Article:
Let’s talk surveillance marketing and mobile apps for a moment. We are all familiar with the odd sensation of having shopped online only to have the item we looked at suddenly appear in our social feed or “follow” us around the web. Ads then appear on Facebook or Instagram, on the side of your email account and just about any other site you visit.
As data privacy remains at at the forefront of concern among consumers, marketers need to be aware of what information their apps are collecting and how that information is being shared while making sure customer perceptions about the app's privacy policies match the reality.
To shed some light on the topic, we did some research about the domain connections popular health and fitness apps are making which could signal data sharing and the results are troubling. Health related marketers should consider the results, understand how their apps compare and take steps to mitigate data breach risk.
Health and Fitness Apps are Connecting to Mysterious Third-party Domains
While marketing teams at health and fitness companies need stay a step ahead of privacy challenges and prevent data leaks and public relations disasters, they also need to be able to promote and measure app installs and app reengagement. Some first-party domain connections are required for the app to function but it's those mysterious third-party connections that cause concern.
The apps we analyzed included popular brands like Fitbit, Nike Run Club, Aetna Health, Kaiser Permanente and 23andme. For each test, the app was downloaded and and opened only once without registering in order to understand the starting set of network connections. The phone also had the setting 'Allow Apps to Request to Track' set to the off position.
Surprisingly, we found on average 13 network connections are still being made when permission to track is not granted and 80% are to third-party domains while only 20% are to the brand's domain (first-party).
In our sample of apps, Yoga - Daily made the highest number of connections at 22 with 73% being third-party connections while NYC COVID SAFE made the fewest number of connections (2), with both being third-party.
Consumers can now easily see these domain connections. If your app's third-party connections are not easily identified or understood or even worse only reveal a mysterious IP address, consumers may decide to uninstall your app in fear that their data is being compromised in some way and wondering:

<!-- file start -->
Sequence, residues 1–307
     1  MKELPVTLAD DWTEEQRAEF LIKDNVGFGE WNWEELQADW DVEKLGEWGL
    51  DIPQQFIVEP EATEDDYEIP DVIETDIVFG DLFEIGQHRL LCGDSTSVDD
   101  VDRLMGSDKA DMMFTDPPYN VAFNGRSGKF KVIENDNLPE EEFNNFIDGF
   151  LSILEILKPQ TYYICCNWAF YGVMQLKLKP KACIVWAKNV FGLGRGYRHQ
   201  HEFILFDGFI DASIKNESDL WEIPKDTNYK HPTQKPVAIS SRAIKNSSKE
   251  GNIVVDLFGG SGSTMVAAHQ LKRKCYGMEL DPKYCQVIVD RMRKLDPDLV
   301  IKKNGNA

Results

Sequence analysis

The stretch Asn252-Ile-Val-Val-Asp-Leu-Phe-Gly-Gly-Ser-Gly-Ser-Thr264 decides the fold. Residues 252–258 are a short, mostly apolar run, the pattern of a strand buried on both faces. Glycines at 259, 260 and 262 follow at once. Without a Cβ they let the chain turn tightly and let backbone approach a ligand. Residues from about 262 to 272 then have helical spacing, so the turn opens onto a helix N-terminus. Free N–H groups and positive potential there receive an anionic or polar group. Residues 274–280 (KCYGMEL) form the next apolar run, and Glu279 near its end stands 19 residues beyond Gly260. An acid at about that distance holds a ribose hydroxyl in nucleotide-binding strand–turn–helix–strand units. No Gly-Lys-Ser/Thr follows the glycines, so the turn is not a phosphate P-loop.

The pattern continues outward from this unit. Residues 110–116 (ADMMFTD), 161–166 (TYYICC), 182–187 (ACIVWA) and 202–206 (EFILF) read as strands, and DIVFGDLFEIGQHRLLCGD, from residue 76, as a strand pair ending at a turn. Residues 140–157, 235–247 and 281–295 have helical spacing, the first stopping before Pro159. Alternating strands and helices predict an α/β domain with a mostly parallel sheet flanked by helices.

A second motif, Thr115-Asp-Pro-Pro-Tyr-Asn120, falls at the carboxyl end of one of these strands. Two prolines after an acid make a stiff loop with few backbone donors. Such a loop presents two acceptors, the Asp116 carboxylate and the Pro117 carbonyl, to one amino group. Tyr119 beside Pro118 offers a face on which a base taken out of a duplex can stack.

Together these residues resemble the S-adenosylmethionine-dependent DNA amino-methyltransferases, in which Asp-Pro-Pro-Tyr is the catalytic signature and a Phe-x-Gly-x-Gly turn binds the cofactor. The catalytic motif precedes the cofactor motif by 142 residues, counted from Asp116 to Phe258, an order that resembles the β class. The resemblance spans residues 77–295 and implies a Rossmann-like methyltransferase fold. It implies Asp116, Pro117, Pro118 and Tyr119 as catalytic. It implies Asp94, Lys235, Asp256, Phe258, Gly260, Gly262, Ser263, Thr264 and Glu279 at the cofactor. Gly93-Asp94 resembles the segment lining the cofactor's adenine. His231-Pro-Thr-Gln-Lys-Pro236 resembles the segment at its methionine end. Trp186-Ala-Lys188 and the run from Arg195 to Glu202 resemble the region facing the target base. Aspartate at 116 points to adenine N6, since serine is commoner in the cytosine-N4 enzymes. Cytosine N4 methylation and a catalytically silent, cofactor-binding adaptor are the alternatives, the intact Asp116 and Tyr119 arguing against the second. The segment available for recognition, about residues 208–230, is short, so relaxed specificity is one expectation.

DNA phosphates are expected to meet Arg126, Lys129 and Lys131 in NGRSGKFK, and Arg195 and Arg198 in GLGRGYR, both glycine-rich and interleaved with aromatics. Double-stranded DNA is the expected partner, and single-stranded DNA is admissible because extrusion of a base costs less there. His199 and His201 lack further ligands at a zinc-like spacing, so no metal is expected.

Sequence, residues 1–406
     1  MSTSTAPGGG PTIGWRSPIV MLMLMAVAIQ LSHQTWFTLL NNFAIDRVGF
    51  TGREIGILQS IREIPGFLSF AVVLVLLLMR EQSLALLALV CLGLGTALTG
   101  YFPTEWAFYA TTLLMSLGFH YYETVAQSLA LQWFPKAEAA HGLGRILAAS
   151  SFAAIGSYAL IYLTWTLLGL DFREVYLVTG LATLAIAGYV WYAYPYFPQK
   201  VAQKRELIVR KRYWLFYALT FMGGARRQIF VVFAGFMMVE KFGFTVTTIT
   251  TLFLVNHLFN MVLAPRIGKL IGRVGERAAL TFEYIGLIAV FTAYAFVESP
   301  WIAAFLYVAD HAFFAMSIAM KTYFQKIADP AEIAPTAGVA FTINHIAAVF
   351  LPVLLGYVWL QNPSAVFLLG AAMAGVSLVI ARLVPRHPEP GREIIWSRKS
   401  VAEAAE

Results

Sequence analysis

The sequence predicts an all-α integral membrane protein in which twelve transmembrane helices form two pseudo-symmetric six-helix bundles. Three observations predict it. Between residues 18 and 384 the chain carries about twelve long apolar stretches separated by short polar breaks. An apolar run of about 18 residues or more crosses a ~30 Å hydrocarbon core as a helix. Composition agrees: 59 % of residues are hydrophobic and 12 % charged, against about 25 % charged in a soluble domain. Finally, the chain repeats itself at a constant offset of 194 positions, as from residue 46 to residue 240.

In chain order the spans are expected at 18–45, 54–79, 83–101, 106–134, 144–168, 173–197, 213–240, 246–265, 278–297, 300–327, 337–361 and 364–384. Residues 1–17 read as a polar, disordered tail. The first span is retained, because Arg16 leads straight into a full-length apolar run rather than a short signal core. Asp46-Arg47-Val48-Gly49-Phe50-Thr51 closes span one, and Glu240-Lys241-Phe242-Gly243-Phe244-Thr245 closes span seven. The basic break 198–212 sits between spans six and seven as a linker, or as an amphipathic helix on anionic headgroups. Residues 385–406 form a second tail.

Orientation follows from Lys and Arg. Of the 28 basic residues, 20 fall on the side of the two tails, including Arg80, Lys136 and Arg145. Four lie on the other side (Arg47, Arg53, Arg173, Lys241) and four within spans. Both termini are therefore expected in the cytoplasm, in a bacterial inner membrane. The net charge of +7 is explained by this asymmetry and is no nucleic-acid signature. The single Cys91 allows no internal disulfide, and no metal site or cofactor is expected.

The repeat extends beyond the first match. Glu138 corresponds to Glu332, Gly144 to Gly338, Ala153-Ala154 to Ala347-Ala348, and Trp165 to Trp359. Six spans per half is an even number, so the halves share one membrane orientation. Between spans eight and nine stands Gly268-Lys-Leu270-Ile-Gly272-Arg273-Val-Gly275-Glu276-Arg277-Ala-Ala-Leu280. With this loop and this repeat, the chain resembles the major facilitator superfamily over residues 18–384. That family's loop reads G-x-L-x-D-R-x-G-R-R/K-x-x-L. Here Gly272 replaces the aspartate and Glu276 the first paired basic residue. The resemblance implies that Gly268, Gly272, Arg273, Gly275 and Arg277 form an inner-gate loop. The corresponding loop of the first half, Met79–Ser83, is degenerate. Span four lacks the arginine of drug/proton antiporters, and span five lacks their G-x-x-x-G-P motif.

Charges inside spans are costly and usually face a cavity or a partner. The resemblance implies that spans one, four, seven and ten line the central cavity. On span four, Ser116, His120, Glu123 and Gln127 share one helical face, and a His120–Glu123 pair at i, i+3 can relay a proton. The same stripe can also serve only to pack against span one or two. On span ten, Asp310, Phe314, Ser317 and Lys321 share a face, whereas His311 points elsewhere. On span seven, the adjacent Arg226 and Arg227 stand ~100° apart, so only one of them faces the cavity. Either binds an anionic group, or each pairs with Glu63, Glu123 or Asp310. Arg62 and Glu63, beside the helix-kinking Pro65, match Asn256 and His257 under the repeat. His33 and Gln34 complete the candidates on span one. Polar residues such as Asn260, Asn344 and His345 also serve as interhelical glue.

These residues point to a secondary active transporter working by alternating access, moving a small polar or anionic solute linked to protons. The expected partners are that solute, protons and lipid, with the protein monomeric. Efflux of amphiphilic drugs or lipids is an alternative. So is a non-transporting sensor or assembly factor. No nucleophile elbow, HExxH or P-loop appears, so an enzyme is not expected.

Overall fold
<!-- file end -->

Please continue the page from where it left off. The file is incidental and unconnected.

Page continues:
- Why is the app connecting to these domains?
- Who owns these third-party domains my app is connecting to?
- Is my app data being shared with other companies without my permission?
Moving Forward: Make Sure Perceptions Match Reality
Trust is fundamental to building long-term relationships with users. If your app lacks clear transparency into its third-party connections inlcuding which are collecting and sharing data and why, your customers may not view your app as worth the risk.
Apple’s efforts to increase transparency for end users will likely continue and may ultimately help you and your marketing team answer these questions. For now, look at the network connections your app is making just as your customer would and consider the data privacy perception you're creating.
Simply open your iPhone’s settings and select ->Privacy ->App Privacy Report and if you and your marketing team do not understand why the connections are being made, have a meeting on the topic with your app development team and discuss the following questions:
- Are these third-party connections reflecting poorly on our brand?
- In light of privacy changes do I need all the SDKs currently installed in my app which are likely making these connections?
- Could these SDKs be collecting and sharing data with brokers without our knowledge?
- Are third-party companies using my app’s data to create device-level profiles which circumvents Apple’s privacy policies?
- Can any of these SDKs be replaced with privacy-first, codeless solutions?
Use the information to turn privacy into a competitive advantage and avoid data breaches by minimizing network connections. If a third-party marketing solution requires an SDK, the company typically needs your app data to feed their business model but these solutions are proving less valuable today as Apple and Google tighten privacy policies. Create a privacy-first data strategy and use privacy-first marketing tools that help you increase installs and engagement without sacrificing consumer trust.
Cloud-based, privacy focused solutions like URLgenius don't need to make domain connections that will raise suspicions among your customers. Regardless of the channel or use case, your links and QR codes will increase app installs and engagement without ever tracking your customers around the internet or sharing your app data.
Check out the research report across app categories and contact us for a free evaluation of the domain connections your app is making compared to other apps in your category. We can guide your team on how to minimize these connections while finding ways to help you exceed your app install and app reengagement targets.